Fashionista contributor Long Nguyen is the co-founder/style director of Flaunt.
Over two years ago when I got an email about scheduling an early morning appointment to view a small collection of dresses by Victoria Beckham, I didn’t respond. I assumed it was just another celebrity gimmick at a time when there seemed to be an endless supply of musicians and actors launching one fashion collection or another. But three seasons ago, out of curiosity, I went on my first excursion to an Upper East Side townhouse where Ms. Beckham introduced herself to the very small group, shook our hands to welcome each of us, then sat among us to narrate the collection as models emerged from an adjencent room.
It was no different last Sunday morning when Ms. Beckham, wearing a light grey loose cashmere dress and black boots, started by saying that this time she needed a microphone, as the audience has grown slightly.
The first model came out in a deep magenta crepe ruched neck dress with a light hood, veiling part of her head like a scarf. That was dress #116.
“This dress requires four meters of crepe fabrics and it has to be hand-pleated,” she said describing the detailed work required to make dress #125–a magenta double crepe batwig dress with a pleated skirt.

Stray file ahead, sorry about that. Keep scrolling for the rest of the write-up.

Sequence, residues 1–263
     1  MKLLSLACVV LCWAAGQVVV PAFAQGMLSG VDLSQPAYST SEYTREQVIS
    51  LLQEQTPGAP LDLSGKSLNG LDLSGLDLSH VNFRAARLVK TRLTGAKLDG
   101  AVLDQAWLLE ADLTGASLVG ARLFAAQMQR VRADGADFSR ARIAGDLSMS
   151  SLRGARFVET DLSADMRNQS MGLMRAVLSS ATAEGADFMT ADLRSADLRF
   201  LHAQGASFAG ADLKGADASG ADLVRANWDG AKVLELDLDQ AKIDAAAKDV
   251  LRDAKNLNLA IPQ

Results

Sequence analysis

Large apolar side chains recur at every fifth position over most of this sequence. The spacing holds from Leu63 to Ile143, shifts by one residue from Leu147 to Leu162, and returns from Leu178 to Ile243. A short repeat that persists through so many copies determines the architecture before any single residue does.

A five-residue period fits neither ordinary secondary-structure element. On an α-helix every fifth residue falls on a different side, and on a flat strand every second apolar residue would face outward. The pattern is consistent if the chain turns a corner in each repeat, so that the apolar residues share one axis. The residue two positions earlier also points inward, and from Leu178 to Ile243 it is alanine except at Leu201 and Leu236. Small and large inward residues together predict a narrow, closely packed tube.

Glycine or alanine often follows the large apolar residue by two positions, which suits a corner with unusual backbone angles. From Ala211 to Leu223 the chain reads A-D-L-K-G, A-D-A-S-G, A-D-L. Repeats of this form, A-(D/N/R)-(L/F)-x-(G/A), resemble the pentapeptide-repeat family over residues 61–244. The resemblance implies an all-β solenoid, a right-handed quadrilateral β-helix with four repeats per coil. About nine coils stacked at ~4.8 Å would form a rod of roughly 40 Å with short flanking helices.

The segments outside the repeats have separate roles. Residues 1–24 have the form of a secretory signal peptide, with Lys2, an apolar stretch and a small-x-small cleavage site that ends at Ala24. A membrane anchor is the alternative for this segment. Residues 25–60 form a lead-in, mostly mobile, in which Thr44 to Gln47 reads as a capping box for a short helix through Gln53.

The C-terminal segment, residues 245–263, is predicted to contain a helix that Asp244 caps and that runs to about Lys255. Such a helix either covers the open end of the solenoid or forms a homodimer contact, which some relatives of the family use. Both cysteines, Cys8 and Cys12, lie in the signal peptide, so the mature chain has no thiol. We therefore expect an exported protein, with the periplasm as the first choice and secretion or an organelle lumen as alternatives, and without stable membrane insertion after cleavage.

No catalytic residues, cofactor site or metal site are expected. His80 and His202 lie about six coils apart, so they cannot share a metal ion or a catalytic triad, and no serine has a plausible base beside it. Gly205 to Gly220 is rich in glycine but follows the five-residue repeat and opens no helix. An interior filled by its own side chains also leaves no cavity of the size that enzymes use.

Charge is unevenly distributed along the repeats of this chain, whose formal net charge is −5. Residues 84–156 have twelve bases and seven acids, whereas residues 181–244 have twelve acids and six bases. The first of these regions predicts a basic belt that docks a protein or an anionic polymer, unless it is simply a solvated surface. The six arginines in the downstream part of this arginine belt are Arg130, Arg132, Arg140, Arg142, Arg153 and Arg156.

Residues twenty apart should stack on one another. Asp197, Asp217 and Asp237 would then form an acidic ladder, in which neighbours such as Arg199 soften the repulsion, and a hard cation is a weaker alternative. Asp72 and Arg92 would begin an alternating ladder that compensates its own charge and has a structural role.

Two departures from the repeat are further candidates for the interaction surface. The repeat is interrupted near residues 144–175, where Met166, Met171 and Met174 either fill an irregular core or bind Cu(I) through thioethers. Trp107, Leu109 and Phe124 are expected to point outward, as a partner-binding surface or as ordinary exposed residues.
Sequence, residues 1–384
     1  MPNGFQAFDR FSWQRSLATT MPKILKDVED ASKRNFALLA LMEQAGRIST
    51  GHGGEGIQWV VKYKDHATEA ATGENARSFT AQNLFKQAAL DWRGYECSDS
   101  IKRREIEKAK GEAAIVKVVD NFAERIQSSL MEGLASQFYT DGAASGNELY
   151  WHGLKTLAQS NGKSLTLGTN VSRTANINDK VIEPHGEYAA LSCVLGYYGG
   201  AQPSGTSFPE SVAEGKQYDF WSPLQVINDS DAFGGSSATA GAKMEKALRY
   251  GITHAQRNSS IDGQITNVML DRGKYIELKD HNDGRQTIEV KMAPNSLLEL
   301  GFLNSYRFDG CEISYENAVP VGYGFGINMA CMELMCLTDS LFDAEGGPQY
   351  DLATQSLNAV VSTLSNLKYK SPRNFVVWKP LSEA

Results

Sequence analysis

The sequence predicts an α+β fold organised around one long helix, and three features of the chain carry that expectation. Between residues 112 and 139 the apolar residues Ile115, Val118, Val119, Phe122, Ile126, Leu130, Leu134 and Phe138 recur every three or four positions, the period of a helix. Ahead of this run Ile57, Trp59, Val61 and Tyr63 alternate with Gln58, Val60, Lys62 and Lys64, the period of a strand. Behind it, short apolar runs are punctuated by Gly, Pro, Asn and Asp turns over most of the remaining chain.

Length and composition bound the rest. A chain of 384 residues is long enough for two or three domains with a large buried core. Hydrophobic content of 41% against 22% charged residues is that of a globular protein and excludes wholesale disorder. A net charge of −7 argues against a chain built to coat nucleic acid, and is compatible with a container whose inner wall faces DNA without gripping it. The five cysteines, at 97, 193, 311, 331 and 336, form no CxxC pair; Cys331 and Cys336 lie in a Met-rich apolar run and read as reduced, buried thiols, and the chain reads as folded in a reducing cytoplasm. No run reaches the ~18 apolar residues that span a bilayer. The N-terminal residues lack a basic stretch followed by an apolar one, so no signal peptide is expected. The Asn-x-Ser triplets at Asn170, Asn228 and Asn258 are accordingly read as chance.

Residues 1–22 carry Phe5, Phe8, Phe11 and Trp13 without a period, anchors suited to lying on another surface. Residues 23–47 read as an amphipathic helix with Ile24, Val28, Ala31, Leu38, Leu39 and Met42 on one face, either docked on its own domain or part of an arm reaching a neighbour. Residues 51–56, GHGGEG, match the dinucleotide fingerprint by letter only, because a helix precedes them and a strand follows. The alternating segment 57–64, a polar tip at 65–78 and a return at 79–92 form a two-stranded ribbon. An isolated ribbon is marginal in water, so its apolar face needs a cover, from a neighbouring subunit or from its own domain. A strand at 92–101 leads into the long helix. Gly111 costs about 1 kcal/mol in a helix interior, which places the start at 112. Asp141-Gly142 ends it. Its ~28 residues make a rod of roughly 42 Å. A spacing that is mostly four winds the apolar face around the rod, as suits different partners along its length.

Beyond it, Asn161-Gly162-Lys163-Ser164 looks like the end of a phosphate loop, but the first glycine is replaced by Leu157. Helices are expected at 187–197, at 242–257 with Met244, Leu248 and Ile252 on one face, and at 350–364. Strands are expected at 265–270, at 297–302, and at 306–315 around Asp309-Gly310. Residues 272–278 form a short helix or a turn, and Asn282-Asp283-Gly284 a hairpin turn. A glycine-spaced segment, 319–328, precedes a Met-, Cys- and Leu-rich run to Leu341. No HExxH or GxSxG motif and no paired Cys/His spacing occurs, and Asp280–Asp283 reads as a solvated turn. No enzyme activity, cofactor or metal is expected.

Her zenith moment was what she called her “100th Dress”–a saffron double crepe wrap collar dress similar to the fitted silhouette that has been the base of her previoius collections. But like a designer reminding herself of what really worked in the past and how to move forward, she jokingly said that after making a hundred different dresses, it was time to add new items to the collection, namely four new coats, including a vermilion structured wool raglan and a black structured wool with a pleated peplum.
Feeling comfortable with herself also means that she is no longer bound to produce the very fitted sexy dresses that were long a part of her–and her customer’s–wardrobe. Many dresses have moved far from that strict sinewy silhouette to a looser fit, including a cashmere oversize jumper dress and v-neck cocoon dress. She’s also experimenting more with shapes and fabrics, but not at the expense of what the customer would want to purchase.
There’s a constant thread in her narrative; she’s always reminds us of how each particular dress can solve a dilemma for her woman. A black short sleeve wool dress was “a perfect winter day dress.” A grey honeycomb jacquard wool dress–made with three different colored yarns–was the dress to get ‘totally comfortable in.” I think designers today don’t articulate these kinds of ideas enough.
Ms. Beckham conducts her business in a way that is the antithesis of how fashion companies operate in this era of corporate branding. Her small presentations are always just about the dresses she’s made for her customers, specifically 25 dresses each time until last season, when she introduced seven different bags including two for traveling. This time she added four more like a duffle, a mini satchel and a Victoria Tote.
Last Sunday morning as I drove across Central Park on 65th treet, I regretted missing her first two presentations.